About the Campaign

For forthcoming activities, visit our What’s On page.

Why do we need a Campaign for Education in Brighton and Hove?

Education is under attack. We see this in the pressure of targets in the curriculum, in attempts to turn schools into academies without consultation of parents, staff and local people, and in severe cuts, financial chaos and privatisation in the further, higher and adult education sectors. But these are just symptoms of an on-going process of transformation of education which prioritises employability and seeks to apply the discipline of the market.

  • For students, it means more standardised testing (even for early years), rote learning, larger classes, an increasingly polarized and fragmented education system and fees for further and higher education which are higher than many places in Europe.
  • For teachers, it means more top-down prescription of how to teach, worsening of pay and conditions of employment, and unreliable judgements of performance and a devaluing of their professional expertise.
  • For parents and the wider community, it means a less planned, more divided school system with some schools significantly better resourced and benefitting from more freedoms than others and increasing hidden costs of education (for instance, expensive uniforms and technology).

As part of this process, the influence of large commercial organisations is growing. They sponsor academy chains, run the governing bodies and influence the curriculum and how it is taught. They are not answerable locally and have no obligation to meet the needs of all young people. They are already finding ways of making financial gains from the state education system paid for by taxation.

We support the call for a National Campaign for Education. Locally we want to work to build alliances between all those working in education and their unions, children, students and parents, and with other related campaigns (e.g. the Charter for Primary Education, the Campaign for State Education, the Campaign for the Public University, Too much Too soon Campaign) to fight for education as a public good rather than a business opportunity.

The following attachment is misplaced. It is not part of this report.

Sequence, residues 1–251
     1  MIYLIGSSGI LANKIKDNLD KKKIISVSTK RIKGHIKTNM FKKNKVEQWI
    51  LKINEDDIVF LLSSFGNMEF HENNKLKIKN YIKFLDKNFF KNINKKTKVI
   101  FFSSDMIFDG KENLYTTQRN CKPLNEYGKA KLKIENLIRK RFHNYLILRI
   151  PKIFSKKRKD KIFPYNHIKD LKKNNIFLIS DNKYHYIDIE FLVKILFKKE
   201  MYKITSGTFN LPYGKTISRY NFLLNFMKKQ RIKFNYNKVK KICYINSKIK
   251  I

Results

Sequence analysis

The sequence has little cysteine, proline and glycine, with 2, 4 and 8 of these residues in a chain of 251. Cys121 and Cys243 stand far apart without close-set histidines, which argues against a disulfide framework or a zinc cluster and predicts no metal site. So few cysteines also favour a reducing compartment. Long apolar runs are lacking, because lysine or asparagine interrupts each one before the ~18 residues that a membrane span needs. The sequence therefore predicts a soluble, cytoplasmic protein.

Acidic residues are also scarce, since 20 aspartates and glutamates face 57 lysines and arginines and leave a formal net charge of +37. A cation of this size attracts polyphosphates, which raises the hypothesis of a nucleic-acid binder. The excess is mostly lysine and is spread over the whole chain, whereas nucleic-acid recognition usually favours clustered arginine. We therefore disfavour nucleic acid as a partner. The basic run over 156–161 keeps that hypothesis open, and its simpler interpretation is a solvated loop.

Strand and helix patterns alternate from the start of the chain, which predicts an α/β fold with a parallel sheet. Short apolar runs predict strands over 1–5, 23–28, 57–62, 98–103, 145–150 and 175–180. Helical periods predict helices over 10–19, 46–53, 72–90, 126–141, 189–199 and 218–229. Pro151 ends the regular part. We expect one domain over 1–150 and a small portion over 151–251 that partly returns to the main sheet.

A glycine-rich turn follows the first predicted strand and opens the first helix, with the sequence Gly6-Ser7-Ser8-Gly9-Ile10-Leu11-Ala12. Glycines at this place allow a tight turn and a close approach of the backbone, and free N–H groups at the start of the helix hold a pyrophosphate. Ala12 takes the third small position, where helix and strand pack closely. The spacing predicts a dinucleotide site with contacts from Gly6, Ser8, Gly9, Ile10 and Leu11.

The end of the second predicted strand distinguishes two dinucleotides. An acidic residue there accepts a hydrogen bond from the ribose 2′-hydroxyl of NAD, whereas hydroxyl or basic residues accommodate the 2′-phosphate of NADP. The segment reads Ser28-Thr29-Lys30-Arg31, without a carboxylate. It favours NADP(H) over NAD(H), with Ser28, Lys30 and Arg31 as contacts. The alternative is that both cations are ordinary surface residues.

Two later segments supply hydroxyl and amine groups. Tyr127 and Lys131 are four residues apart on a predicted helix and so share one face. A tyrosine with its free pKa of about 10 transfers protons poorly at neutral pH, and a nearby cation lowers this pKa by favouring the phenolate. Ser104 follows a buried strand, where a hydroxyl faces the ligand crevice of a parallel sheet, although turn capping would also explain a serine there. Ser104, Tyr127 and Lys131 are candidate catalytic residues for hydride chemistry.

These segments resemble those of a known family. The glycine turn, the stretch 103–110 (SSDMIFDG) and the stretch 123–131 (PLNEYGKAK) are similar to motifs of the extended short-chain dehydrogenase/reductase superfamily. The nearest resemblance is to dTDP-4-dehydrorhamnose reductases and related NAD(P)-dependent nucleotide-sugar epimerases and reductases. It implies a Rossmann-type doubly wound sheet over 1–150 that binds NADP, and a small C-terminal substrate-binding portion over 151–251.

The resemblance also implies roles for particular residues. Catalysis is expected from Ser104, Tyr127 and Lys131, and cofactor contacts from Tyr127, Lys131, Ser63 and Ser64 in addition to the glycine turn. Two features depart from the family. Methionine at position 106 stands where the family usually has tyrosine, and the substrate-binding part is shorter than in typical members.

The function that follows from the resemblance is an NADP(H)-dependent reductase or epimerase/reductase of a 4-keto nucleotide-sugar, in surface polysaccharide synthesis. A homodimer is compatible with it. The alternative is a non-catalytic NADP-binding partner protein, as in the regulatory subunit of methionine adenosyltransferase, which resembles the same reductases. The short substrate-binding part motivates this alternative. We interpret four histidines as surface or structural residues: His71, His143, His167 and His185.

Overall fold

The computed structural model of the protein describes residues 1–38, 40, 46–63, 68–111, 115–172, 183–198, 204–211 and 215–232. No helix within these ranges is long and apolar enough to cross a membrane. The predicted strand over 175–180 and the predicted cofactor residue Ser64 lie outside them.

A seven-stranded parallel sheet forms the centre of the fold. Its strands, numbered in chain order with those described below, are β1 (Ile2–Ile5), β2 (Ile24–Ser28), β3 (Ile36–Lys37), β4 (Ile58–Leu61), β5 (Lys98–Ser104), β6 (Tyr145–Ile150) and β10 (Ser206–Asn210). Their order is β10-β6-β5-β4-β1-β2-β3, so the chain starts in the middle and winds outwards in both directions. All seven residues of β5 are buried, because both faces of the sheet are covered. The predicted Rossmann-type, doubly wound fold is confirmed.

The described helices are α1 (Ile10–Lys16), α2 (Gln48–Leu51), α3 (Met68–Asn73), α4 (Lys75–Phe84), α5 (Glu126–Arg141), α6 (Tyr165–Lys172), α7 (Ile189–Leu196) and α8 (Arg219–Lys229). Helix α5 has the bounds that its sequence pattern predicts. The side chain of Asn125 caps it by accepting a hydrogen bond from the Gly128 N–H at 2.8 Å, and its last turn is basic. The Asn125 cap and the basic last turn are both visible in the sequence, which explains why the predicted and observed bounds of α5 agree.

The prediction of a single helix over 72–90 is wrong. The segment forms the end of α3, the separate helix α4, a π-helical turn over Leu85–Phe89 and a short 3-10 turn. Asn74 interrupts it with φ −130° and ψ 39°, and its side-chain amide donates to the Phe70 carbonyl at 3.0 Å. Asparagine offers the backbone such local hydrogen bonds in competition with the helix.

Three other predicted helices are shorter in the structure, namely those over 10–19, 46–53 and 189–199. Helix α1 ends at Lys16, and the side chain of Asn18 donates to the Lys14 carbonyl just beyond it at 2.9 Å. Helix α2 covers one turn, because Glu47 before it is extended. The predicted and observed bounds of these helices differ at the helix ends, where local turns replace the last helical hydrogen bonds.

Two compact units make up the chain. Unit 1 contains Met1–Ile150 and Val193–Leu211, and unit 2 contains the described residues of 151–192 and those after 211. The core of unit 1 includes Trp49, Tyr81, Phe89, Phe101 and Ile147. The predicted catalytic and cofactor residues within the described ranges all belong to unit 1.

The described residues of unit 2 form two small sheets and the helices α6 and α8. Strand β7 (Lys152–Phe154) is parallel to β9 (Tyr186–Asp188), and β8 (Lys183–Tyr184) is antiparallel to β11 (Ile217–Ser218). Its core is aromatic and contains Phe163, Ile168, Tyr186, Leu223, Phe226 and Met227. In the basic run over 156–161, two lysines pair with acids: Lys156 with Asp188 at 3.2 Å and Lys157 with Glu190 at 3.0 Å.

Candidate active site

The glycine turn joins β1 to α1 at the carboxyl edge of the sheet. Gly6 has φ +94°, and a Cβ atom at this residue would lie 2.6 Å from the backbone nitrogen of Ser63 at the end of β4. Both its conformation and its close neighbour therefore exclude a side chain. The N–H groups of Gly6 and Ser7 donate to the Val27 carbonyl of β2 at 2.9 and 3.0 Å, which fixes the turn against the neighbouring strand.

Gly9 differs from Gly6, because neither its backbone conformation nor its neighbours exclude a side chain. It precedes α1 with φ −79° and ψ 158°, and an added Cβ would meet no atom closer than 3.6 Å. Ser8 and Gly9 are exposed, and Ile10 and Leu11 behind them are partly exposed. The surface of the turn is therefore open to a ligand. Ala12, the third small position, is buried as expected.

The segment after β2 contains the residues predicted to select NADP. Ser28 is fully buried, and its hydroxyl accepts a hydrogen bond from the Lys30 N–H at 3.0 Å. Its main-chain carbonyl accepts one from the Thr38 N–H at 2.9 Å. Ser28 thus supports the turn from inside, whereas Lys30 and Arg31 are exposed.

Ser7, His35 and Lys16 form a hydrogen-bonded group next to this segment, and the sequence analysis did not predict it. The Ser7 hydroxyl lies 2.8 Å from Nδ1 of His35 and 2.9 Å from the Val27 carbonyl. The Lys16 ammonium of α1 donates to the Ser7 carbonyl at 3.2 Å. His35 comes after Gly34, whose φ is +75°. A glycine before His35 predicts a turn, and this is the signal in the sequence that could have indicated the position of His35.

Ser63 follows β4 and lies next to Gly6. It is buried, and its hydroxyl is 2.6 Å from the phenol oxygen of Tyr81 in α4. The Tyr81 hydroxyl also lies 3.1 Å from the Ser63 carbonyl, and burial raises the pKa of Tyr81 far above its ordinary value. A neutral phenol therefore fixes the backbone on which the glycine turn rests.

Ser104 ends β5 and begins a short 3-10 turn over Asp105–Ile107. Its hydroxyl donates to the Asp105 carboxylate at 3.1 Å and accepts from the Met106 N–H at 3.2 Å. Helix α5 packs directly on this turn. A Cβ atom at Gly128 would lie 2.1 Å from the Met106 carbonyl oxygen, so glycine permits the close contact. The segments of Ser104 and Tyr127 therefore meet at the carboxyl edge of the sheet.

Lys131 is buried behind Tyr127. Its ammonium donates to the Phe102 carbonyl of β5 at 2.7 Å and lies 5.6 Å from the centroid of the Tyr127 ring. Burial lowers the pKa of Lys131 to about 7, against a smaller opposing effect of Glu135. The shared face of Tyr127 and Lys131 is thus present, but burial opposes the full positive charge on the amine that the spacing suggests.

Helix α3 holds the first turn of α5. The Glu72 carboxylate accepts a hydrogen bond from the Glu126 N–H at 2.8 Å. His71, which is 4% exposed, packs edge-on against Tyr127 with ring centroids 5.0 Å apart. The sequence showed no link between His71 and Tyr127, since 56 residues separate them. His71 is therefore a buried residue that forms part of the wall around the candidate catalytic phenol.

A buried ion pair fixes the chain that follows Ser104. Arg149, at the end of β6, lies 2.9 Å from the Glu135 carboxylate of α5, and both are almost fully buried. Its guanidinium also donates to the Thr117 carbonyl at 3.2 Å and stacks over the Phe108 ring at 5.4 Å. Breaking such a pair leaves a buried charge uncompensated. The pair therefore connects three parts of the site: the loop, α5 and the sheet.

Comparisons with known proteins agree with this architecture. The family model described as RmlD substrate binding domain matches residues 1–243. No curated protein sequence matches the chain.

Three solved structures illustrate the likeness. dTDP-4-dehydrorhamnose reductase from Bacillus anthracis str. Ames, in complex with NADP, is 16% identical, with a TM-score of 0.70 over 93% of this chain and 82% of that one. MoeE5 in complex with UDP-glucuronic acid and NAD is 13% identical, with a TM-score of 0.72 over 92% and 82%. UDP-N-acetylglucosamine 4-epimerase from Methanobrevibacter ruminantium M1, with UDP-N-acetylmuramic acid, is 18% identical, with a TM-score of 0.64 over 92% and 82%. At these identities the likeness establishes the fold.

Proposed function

Locally, we want to provide a focus and a forum for debate and activity in campaigning for an education system that is:

  • inclusive, and designed to meet the needs of all, from early years to adult avoiding damaging notions of fixed ability and associated labelling;
  • planned and managed, through local collaboration rather than competition and in the widest public interest;
  • democratically accountable to communities, students and staff through (for instance) elected representatives and open meetings;
  • publicly funded and providing a high quality equitable service, free at the point of delivery;
  • delivered by trained and qualified staff, with professional autonomy over curricula and assessment and working in the interests of learners.

We are committed to working with anyone who shares these ideas and values and to support local campaigns which share these aims.

 

2 thoughts on “About the Campaign

    • The campaign was set up as a result of a very successful ‘Education Question Time’ organised with local education unions and concerned parents and others in April 2014. The event drew about 250 people and the campaign was launched. You can be added to our mailing list, follow this blog and/or follow us on facebook and twitter and most of all join us in regular meetings to discuss how to continue campaigning for a better education system for all.

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